Ranu Jung, Ph.D.
Wallace H. Coulter Eminent Scholars Chair, Professor and Chair of Biomedical Engineering, Director of Adaptive Neural Systems Laboratory
Office: (305) 348-3722
Ranu Jung holds the Wallace H. Coulter Eminent Scholars Chair in Biomedical Engineering at Florida International University where she is Professor and Chair of the Department of Biomedical Engineering. Previously she held faculty appointments at University of Kentucky and Arizona State University where she was founding co-director of the Arizona Board of Regents approved Center for Adaptive Neural Systems. She received her B.Tech with Distinction in Electronics & Communication Engineering from National Institute of Technology, Warangal, India and her MS and PhD degrees in Biomedical Engineering from Case Western Reserve University. With a body of published work which includes peer reviewed articles, book chapters, and conference papers she is frequently an invited speaker. Her honors include a National Research Service Award from the US National Institutes of Health, a N.E. Ohio American Heart Association fellowship, the 2002 Science and Engineering Award, Governors Certificate of Recognition from the Commonwealth of Kentucky, appointment by the Arizona Governor and Senate as Commissioner to the Arizona Biomedical Research Commission, Florida Board of Governor’s New Florida Scholar’s Boost Award and the Florida International University 2012 TopScholar award. She is an elected Senior Member of IEEE and the Society of Women Engineers and past-President of the international Organization for Computational Neurosciences, Inc. She has served on several scientific expert review panels for the US National Science Foundation and the US National Institutes of Health and advisory committees for international universities as well as Editorial Boards of several professional journals. Professor Jung’s transdisciplinary research interests are in neural engineering and computational neuroscience. She co-founded Advensys LLC, a small business R&D company. With an almost two-decade record of competitive federal funding, she has been a leader in establishing academic-clinical-industrial partnerships and is actively engaged in the development of neurotechnology that is inspired by biology, is adaptive, and could be used to promote adaptation in the nervous system to overcome neurological disability or trauma. Her current research program is funded by the National Institutes of Health and the Defense Advanced Research Projects Agency to develop, design, and deliver novel neural interfaces to prostheses for upper limb amputees.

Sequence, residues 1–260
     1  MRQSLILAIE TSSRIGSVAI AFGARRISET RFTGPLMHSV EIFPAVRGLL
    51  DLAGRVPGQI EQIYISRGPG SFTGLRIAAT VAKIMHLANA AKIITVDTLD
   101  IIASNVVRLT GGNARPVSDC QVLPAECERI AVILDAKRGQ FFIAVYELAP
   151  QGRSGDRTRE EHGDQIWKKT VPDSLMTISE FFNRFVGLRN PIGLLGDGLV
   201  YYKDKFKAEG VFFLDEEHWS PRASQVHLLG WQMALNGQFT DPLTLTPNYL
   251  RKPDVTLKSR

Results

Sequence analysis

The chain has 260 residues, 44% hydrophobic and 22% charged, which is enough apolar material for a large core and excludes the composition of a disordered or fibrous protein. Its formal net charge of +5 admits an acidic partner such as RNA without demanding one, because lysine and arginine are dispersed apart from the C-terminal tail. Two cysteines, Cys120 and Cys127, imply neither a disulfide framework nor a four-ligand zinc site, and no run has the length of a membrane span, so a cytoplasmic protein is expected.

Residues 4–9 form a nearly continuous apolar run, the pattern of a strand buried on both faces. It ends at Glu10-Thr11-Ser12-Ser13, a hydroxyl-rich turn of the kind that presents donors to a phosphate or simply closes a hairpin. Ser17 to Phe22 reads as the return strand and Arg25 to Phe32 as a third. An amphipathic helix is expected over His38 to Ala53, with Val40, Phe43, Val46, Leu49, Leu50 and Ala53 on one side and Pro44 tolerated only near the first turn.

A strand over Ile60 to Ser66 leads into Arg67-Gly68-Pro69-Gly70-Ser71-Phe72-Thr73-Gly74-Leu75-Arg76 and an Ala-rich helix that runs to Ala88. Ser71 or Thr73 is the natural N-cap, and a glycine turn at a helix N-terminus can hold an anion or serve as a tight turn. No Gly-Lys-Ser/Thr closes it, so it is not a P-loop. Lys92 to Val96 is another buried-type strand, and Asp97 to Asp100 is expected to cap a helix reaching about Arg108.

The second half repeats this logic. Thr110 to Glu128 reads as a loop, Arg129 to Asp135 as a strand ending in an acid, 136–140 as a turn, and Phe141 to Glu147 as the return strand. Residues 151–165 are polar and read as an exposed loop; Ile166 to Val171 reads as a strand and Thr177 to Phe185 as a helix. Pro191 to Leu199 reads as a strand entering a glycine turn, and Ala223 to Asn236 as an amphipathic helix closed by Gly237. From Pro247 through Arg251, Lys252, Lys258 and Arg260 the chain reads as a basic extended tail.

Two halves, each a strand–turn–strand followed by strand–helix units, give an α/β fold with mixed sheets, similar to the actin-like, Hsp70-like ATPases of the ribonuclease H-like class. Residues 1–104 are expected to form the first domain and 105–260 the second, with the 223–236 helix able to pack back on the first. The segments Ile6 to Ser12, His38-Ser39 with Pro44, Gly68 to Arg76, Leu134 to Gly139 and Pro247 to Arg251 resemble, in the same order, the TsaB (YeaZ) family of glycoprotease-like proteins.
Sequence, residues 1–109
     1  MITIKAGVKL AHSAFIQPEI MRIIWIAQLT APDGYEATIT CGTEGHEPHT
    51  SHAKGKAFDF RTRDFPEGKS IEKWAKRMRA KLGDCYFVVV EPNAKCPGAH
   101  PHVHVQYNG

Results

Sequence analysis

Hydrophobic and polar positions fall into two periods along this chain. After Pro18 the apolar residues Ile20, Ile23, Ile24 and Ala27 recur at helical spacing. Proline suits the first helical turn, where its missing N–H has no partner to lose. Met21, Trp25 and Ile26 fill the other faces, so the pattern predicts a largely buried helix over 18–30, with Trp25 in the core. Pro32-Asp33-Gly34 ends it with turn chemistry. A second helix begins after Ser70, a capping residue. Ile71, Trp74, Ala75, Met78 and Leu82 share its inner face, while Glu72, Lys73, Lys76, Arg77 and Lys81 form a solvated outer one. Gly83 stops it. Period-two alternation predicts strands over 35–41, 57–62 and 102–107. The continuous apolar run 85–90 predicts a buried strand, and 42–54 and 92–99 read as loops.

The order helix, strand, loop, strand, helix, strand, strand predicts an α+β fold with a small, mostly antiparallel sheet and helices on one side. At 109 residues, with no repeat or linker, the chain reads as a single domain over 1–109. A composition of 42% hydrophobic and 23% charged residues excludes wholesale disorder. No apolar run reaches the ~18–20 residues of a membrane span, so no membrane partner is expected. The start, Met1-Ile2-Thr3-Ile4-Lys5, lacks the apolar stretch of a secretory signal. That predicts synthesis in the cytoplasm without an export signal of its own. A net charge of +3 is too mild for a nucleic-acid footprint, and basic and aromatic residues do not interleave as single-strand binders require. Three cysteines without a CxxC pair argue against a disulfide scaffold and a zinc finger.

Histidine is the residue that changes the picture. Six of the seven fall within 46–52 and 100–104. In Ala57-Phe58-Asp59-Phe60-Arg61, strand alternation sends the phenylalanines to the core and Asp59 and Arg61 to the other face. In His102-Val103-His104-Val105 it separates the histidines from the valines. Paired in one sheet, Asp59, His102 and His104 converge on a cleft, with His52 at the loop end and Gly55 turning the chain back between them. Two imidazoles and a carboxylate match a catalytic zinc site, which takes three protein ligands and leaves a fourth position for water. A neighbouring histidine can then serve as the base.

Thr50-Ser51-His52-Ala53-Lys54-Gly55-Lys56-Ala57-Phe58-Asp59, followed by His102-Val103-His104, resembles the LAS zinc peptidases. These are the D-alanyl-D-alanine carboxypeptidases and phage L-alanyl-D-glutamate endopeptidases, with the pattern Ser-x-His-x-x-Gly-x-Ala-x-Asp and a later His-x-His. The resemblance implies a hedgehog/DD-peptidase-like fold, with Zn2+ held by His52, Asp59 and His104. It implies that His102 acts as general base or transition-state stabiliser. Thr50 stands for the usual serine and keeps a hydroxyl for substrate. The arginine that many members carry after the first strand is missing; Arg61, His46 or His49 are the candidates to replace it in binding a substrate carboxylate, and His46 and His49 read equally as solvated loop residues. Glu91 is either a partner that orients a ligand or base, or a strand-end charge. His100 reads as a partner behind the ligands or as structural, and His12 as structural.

Kenneth Horch, Ph.D.
Office: (305) 348-2176
Broadly speaking, my research interests lie in the area of how the nervous system processes information and controls behavior. The main thrust of the work in my lab at present centers around neuroprosthetics – development of devices and methods for restoring or replacing nervous system function in handicapped individuals. The current focus of my work in this area is to develop an interface between the nervous system and prosthetic arms. This work is currently being supported by funds from NSF. In addition, I am engaged in an attempt to use magnetic fields to block peripheral nerves. If successful, this system would have various clinical uses such as in treatment of children with cerebral palsy and in hand surgery.
Liliana Rincon Gonzalez, Ph.D.
Research Assistant Professor
Office: (305) 348-4782
Dr. Rincon Gonzalez received her B.A. in Psychology and B.S.E., M.A., Ph.D. in Biomedical Engineering from Arizona State University. During her doctoral studies Liliana studied how individuals process body-posture signals in their peripersonal space. Following her graduate studies, Liliana became a Postdoctoral fellow in the Sensorimotor lab at the Donders Institute for Brain, Cognition and Behaviour at Radboud University Nijmegen in The Netherlands. Her research focused on how individuals process motor decisions during self-motion. Currently, she is working at the ANS laboratory coordinating and managing all human subject studies.